Chris’ dad came Thursday night for a visitso I’ve been really good about cleaning the past few days. I felt so accomplished and ready to take on an in-law Thursday night with the floors freshly mopped and laundry done – something that rarely happens in the middle of the week. I even enjoyed making the guest bed so much that I had to take a picture:It’s not as nice as the guest room we used to have, but better than an air mattress!
I started tracking all the groceries we buy in a spreadsheet so I could figure out how much we were spending and on what. Since I’ve been buying groceries with cash since October, I’ve been less aware of actual spending and more loose with the budget than I ought to be. I had mentioned a few months ago that our increased budget was about $70 per week; we also started to look at food spending on a monthly rather than weekly basis, which makes more sense for things that last more than one week (oils, cereal, etc.). The last four weeks, we spent more than I would have liked on food, $321.09 or approximately $80 per week. Here’s the break down:(Don’t ask me why eggs and protein are separate categories…I think I originally did that because eggs are also used quite a bit for baking.) After analyzing my spending, I realized it only took five abnormal purchases to put us over budget: that fried chicken for Chris, bags of pecans and peanuts, a horrible impulse buy of pre-fab brownie mix (what is wrong with me?), and some pricey organic dried cranberries for a soup I’m maybe making this week (maybe because I realized we don’t have any sherry and I haven’t decided if I want to spend the money to buy some…). Removing those five things puts the weekly average at $73.
Besides slicing and dicing my own spending, I’ve been reading a lot of blogs that talk about grocery budgeting, like this one. The best one I’ve found so far is Mama Says, which has a whole section on frugal food tips. She did a “food stamp challenge” and fed her family for under $3/day/person for a year and wrote about how she did it on the blog. Now, she’s becoming more aware of eating real food and has a some posts about real food on a budget, which is nice because a lot of the other blogs don’t have that information. It doesn’t really help me to see that someone is feeding their family cheaply on hot dogs, ramen noodles, and margarine. It’s also challenging for me to translate a lot of the money saving strategies that other people use (and that we used to use) to Nantucket. We can’t buy in bulk because of a lack of storage space and we can’t price shop, because we don’t have a ton of different stores. I never bother with the sale fliers or coupons, because they’re always for stuff we don’t buy; I’m not going to get tricked into buying something I wouldn’t normally buy just because it’s a “good deal.”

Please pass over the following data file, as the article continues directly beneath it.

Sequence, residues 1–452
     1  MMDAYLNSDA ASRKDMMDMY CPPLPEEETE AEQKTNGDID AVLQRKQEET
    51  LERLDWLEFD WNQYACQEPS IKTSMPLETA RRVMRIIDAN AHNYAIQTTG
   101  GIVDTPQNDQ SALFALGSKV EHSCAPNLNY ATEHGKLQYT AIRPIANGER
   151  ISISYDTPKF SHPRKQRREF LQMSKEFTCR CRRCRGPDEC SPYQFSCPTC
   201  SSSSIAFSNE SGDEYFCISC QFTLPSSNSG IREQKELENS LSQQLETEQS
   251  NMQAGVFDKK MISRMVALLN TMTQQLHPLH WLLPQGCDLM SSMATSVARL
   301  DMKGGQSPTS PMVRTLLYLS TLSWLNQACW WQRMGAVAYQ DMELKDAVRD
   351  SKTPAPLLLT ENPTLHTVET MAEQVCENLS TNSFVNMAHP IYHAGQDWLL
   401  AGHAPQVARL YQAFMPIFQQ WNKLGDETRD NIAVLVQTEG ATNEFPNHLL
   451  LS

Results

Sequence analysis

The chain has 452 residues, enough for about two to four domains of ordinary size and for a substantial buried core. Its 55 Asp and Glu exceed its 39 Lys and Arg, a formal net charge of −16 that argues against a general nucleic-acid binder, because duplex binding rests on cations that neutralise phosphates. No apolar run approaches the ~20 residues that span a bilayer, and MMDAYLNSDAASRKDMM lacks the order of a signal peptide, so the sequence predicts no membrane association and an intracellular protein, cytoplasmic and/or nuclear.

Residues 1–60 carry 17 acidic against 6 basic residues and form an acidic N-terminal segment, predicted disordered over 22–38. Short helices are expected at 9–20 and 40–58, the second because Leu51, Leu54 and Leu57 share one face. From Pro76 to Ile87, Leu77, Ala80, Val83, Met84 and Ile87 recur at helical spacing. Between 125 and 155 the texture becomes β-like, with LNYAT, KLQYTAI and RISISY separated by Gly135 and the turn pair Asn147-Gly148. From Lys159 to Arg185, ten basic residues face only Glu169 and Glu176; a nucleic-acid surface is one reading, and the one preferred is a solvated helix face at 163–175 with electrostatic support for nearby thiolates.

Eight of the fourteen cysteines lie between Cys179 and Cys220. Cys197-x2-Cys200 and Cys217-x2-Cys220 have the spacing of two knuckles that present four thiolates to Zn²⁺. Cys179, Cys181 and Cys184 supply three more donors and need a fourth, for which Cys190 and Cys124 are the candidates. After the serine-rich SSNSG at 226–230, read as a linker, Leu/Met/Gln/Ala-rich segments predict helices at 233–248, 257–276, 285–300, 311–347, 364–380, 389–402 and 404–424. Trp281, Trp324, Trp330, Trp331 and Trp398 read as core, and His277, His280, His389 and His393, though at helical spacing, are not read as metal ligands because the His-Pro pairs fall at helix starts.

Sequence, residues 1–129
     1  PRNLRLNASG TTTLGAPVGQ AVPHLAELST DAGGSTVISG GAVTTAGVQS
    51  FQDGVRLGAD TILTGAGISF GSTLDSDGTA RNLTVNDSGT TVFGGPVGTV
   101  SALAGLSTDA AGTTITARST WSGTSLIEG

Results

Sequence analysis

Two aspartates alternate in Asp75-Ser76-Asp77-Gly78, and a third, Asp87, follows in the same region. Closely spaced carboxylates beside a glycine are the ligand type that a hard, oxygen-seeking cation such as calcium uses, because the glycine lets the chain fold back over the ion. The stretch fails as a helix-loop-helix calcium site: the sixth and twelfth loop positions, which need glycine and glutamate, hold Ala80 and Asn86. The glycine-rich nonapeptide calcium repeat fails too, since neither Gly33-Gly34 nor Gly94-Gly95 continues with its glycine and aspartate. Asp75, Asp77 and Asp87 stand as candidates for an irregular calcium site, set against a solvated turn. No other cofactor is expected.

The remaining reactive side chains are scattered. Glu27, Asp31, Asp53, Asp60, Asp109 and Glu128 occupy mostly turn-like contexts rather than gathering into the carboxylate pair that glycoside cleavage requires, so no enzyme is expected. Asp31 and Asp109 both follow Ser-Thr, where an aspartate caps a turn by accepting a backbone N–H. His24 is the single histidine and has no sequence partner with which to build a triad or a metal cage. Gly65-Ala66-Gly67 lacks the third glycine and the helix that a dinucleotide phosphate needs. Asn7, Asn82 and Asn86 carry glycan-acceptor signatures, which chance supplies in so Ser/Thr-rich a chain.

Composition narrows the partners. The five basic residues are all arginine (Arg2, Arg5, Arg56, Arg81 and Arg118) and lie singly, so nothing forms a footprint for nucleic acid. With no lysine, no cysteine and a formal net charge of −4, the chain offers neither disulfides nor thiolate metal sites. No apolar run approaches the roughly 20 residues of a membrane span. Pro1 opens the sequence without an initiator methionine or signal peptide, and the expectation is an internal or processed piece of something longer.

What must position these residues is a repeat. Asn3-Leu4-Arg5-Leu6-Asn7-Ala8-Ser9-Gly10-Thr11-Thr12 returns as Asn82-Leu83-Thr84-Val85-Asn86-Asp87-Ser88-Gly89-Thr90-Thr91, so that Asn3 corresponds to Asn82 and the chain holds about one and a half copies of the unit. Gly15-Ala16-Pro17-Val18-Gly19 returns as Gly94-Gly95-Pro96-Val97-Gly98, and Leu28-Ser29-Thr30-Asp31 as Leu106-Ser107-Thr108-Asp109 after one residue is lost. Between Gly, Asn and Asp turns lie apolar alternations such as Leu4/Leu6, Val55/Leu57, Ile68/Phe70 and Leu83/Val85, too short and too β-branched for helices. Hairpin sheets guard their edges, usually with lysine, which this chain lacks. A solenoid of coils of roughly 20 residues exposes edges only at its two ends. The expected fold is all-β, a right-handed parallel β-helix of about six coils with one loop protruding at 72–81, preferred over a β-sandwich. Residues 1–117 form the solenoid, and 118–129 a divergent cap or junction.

I’ve only just started thinking about how we’re going to reduce the grocery bill again and I’ll be testing it out over the next couple weeks when Chris is home. I want to get our monthly bill down to $270 – so that our per person per day cost is $3, which I figure is generous considering that Nora doesn’t eat a whole person’s worth of food and Chris doesn’t normally eat more than one meal hear per day.
How much do you spend on groceries? Do you have any money saving strategies?